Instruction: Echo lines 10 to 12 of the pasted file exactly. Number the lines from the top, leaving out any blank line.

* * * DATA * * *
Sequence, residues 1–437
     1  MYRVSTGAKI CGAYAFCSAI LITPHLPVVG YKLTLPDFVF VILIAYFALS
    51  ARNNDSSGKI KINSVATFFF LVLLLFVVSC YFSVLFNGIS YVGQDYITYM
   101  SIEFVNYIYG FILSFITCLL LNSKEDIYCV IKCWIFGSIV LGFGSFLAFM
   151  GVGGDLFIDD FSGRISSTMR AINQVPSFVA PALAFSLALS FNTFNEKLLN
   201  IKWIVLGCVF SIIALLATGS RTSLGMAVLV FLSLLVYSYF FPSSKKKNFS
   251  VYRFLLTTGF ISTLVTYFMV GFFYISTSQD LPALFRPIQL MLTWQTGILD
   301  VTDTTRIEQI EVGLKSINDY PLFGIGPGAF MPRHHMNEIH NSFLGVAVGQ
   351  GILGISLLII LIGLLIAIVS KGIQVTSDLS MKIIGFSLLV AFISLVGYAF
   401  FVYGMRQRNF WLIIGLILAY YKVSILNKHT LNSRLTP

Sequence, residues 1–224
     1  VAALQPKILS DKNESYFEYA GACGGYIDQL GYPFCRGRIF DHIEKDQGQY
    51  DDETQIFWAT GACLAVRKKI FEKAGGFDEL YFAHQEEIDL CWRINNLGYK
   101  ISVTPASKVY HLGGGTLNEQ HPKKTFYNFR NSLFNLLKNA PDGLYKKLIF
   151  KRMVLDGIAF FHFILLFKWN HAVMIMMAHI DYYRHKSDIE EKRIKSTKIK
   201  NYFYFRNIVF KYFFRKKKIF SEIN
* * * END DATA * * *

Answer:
   401  FVYGMRQRNF WLIIGLILAY YKVSILNKHT LNSRLTP

Sequence, residues 1–224
     1  VAALQPKILS DKNESYFEYA GACGGYIDQL GYPFCRGRIF DHIEKDQGQY